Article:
Category Archives: Fascia Boards

Fascia boards and problem saving drip edges…

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The finished fascia boards are finally up! I eventually settled on a curved design for the end boards and cut up the 4 pieces from the last redwood 1×12 before putting it all together the other day in glorious, good omen type sunshine.

As one may have construed from the history of my house, things don’t usually turn out square, and my roof is no exception. Up there by themselves, the fascia boards looked ok at the roofline from a distance, but any not-so-close inspection would reveal the bare edge of the plywood bending all willy nilly and the nice, straight fascia board highlighting the not-squareness of it in fine form.

But then enter the drip edges. To whoever invented these wonderful, metal, water repelling flashings, I would like to say thank you. I would like to say thank you multiple times and bounce around a while because these things are brilliant, functional and cover a shit ton of mistakes.

We didn’t follow the guidelines and buy the fancy, pricey, colour coordinated ones from the roofing company, and we didn’t put them on first as you’re supposed to, but we did find these dandy ones at the hardware store in an entirely passable dark brown for $5.68 a piece, and we did get them up under the roofing far after the fact (today) with narry a hassle.

And it looks beautiful. I was finally able to put the last screws in the bottom of the roof to secure the new edges, and the whole house beams with a delightful air of completion.

Another thing I worked on today was caulking. I haven’t noticed any other tiny housers mention this part so I don’t know if it’s common practice, but my cedar boards (particularly the stuff I did a while back) don’t exactly fit into each side like Cinderella’s slipper.

I find them uncomfortably inconsistent, ranging from almost no gap, to 1/16″ or 1/8″ gap without much warning. I’m concerned about water getting into the cracks and causing trouble, so I opted to run a thin bead of caulk along them wherever the siding ends.

Around the corners and window borders I went, cussing under my breath at the ‘drip free’ caulk dispenser scam that covered me in silicone. At least it dries clear, hopefully my mistakes will blend better into the wood than my hair.

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Of redwood fascia boards and holes in my floor…

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Not to worry, these holes are the good kind 🙂 But first, I finally sourced lumber for my fascia boards!

Located a mere 80 miles away in the form of 1×12 rough redwood, my wonderful dad swung by on a trip to pick up my mother from the airport and strapped them to the roof rack. They dwarfed the car and stuck out in a mighty awkward manner (and made parking troublesome as I hear) but they are pretty much fabulous and the grain is beautiful.

Seeing as I’m faced with the bother of having to use more than one board to span my 20′ 4″ roof anyway, I’ve decided to incorporate a design element so that it might look as though I saw this coming. What that design or element will be I don’t know just yet, but I’m sure it will be amazing. Or at least…interesting.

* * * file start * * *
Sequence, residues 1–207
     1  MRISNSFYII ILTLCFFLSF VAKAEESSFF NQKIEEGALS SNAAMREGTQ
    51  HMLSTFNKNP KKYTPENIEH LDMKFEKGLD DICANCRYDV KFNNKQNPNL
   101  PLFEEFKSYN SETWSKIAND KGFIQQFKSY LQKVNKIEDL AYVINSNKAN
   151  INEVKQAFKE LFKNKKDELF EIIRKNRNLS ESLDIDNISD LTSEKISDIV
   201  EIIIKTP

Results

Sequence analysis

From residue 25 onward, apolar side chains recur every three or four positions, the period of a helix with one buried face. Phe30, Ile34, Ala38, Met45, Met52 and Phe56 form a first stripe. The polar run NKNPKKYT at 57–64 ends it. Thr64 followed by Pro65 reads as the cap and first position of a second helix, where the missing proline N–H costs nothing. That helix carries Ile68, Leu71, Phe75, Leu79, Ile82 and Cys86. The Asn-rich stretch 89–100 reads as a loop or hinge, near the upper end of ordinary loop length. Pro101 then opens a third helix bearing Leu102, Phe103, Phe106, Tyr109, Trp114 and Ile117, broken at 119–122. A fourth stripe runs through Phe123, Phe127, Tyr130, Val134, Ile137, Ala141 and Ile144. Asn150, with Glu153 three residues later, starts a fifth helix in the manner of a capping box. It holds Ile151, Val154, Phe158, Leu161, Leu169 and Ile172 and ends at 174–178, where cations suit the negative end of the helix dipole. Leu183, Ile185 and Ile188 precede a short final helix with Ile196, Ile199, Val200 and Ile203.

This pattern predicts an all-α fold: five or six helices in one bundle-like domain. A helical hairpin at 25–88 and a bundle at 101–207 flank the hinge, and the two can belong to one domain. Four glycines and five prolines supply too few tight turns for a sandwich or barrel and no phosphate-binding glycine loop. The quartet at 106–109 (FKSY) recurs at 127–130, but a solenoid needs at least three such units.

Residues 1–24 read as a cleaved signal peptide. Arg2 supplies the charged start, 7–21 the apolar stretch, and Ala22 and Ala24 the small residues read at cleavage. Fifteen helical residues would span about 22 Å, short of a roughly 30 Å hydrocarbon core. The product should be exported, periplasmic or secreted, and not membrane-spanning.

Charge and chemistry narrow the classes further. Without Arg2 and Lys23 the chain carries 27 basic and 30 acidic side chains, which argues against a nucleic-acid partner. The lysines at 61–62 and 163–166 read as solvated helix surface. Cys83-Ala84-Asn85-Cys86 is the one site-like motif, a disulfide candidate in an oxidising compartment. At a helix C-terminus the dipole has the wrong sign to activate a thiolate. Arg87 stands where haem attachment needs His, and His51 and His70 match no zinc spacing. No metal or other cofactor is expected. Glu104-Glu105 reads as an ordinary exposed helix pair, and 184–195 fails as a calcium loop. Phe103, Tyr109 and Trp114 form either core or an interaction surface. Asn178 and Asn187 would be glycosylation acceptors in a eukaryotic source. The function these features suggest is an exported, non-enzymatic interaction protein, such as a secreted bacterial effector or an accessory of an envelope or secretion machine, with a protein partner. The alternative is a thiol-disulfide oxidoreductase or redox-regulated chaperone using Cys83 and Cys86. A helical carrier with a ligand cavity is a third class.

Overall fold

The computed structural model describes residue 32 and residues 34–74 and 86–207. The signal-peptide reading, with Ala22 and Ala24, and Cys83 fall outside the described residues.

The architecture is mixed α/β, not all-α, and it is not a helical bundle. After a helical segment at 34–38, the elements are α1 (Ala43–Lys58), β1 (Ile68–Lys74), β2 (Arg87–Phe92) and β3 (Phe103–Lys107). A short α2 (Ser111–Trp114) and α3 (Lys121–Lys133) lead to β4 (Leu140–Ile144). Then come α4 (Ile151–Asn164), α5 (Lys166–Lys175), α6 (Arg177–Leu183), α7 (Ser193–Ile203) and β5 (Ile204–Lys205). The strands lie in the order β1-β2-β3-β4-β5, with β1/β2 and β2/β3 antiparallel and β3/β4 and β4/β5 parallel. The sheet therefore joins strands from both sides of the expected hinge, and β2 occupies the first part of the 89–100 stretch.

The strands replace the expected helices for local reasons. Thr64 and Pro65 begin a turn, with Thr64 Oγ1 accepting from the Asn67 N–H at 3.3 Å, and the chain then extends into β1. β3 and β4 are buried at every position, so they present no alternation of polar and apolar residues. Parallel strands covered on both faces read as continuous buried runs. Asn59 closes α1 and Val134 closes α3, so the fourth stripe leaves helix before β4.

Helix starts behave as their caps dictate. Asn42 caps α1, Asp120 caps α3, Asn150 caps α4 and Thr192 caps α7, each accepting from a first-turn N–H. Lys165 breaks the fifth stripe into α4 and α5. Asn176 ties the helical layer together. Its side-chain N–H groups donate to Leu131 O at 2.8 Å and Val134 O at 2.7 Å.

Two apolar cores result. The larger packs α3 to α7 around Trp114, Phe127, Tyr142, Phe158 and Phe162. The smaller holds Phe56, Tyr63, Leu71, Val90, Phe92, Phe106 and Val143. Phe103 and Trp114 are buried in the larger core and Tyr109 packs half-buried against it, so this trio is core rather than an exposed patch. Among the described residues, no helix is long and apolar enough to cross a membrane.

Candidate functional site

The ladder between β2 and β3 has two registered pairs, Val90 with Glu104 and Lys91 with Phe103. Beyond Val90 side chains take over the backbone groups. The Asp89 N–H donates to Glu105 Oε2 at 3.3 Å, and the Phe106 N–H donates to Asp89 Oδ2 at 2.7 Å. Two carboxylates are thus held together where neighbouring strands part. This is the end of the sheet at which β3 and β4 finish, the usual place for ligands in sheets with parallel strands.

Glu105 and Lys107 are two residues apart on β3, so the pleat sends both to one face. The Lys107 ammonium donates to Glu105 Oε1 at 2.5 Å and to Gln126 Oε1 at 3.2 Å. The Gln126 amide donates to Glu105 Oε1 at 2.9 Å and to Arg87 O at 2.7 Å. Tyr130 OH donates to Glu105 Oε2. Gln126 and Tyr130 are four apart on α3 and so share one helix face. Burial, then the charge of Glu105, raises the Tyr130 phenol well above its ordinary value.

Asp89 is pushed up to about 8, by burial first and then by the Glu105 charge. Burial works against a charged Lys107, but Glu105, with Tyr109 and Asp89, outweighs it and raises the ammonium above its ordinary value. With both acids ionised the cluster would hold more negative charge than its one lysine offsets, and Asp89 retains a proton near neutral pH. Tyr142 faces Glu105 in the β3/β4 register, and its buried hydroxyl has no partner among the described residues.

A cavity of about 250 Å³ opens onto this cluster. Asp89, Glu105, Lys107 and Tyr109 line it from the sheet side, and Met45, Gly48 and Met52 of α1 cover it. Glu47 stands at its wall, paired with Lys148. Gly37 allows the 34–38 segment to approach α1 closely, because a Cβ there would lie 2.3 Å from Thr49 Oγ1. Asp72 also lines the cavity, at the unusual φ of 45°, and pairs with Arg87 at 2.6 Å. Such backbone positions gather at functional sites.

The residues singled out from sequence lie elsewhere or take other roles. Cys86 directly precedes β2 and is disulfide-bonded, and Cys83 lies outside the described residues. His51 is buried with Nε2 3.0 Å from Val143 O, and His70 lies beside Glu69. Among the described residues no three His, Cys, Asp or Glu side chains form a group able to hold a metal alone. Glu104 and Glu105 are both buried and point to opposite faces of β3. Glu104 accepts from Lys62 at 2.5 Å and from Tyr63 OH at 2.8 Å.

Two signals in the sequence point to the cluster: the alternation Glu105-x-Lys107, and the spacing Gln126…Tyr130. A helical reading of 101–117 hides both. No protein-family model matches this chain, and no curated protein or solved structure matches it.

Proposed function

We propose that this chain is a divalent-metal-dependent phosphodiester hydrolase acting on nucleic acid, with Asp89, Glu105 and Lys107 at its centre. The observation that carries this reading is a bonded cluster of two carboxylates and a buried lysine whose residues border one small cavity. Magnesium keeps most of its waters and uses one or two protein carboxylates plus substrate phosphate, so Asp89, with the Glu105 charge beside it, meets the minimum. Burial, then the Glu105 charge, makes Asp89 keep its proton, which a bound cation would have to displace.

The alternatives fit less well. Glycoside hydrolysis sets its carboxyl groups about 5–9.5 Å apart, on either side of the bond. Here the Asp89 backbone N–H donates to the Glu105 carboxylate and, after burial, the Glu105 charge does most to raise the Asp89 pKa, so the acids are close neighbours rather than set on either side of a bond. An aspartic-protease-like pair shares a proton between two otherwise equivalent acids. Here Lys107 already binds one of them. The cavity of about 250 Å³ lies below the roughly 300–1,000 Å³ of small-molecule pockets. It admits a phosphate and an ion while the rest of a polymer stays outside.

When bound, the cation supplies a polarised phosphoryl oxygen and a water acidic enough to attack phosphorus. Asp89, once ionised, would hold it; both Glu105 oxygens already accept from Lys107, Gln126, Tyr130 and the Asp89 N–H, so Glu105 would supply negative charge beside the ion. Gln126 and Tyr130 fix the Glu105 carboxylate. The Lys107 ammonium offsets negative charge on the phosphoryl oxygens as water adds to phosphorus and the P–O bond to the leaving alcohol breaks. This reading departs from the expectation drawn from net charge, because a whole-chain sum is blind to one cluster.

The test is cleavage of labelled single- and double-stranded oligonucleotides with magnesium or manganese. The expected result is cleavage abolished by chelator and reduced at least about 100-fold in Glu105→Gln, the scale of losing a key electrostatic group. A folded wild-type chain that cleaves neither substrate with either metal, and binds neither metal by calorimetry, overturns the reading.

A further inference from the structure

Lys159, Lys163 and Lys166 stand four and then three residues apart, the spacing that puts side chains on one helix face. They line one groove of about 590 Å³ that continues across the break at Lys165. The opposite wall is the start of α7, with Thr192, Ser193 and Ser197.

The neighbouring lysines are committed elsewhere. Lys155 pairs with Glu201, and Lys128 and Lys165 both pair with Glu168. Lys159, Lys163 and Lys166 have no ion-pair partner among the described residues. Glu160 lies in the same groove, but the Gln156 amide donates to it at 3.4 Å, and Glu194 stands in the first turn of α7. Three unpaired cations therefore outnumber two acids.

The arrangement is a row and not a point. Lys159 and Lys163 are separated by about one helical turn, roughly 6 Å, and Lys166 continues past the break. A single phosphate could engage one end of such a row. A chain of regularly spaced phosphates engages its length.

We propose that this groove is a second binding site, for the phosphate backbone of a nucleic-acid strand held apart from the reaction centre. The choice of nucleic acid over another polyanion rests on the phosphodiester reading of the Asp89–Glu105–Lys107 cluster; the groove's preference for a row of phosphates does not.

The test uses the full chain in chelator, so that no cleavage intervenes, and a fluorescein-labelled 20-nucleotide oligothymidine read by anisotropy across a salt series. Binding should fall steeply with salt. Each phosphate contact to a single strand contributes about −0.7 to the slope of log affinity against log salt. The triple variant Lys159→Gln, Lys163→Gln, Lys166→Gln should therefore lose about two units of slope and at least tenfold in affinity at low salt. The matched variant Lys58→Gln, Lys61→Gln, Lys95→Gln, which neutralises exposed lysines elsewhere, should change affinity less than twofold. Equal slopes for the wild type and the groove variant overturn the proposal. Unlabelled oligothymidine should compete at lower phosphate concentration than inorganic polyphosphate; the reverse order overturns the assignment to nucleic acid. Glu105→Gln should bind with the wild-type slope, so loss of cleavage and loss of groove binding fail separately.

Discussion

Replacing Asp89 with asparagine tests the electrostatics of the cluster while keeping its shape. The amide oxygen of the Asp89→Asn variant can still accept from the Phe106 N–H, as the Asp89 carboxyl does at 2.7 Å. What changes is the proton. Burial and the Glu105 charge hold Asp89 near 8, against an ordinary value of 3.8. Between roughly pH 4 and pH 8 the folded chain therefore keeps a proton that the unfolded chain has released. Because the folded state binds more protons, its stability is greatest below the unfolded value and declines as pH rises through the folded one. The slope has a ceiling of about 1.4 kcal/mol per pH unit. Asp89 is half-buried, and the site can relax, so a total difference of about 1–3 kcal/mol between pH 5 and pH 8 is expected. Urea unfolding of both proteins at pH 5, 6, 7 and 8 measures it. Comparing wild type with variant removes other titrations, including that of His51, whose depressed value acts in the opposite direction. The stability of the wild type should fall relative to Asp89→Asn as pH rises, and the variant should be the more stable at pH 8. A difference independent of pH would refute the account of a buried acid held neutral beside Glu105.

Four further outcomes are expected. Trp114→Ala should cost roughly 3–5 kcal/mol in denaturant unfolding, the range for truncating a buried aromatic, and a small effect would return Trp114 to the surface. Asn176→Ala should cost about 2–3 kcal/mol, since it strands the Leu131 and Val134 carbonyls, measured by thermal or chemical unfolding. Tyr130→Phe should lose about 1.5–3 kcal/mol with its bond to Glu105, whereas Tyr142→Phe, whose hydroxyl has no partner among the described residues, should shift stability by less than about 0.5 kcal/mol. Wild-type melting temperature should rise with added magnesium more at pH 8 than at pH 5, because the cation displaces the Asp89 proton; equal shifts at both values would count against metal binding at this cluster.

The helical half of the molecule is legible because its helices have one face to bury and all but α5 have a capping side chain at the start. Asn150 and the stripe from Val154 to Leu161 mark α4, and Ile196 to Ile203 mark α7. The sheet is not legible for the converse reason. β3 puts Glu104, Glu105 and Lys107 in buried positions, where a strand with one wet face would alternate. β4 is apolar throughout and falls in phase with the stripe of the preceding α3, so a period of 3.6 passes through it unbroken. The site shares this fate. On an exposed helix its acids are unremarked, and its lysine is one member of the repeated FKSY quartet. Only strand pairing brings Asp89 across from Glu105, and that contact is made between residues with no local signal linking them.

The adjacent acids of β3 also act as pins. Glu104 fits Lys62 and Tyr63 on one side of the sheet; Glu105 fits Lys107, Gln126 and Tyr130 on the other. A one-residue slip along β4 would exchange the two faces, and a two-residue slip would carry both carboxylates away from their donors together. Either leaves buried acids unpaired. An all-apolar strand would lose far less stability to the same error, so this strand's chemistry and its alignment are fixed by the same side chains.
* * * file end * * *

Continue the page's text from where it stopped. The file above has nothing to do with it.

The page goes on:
To start, we had to run the 18′ boards through the table saw to get smooth edges and the right width. Then we ran them through again and put a 45 degree angle at the top so they fit nice-like between the rafters and the roof sheathing. I learned in this process that sometimes, when ripping a wide, seemingly straight board, half of it can go all weird and come out totally skewed. Lucky for us, this happened to the half we weren’t planning on using, but it’s scary to know that can occur.

Before we could put them up, we had to seal the wood under the eaves and rafters. My brain had somehow skipped past the sealing/staining part of housebuilding, but I guess I have to use something so I decided on a smelly product called Super Deck. Actually I decided on it before I knew it was smelly, perhaps I may have made another choice with this bit of knowledge.

Anyway, it drips, reeks, gets everywhere and makes the wood look gorgeous. I hadn’t wanted anything that would change the colour of my siding, but I have to say this stuff has a nice effect. Hopefully I’ll decide what I want to do with the fascia ends and get those up soon.

Now for the holes in my floor! My neighbor toiled away on more plumbing this weekend, and after multiple measurements and super double checking that we weren’t going to hit any metal, he drilled through the subfloor with a big, round metal bit and made the start of my kitchen sink and shower drains. He also built the toe kick for my cabinets and it’s SO exciting to have a visual for my kitchen.

I can’t believe after all that talk of fascia boards, I didn’t take a picture with them on this evening. So, I suppose you’ll just have to imagine them then. Maybe they’ll look perfectly square with nothing questionable whatsoever 🙂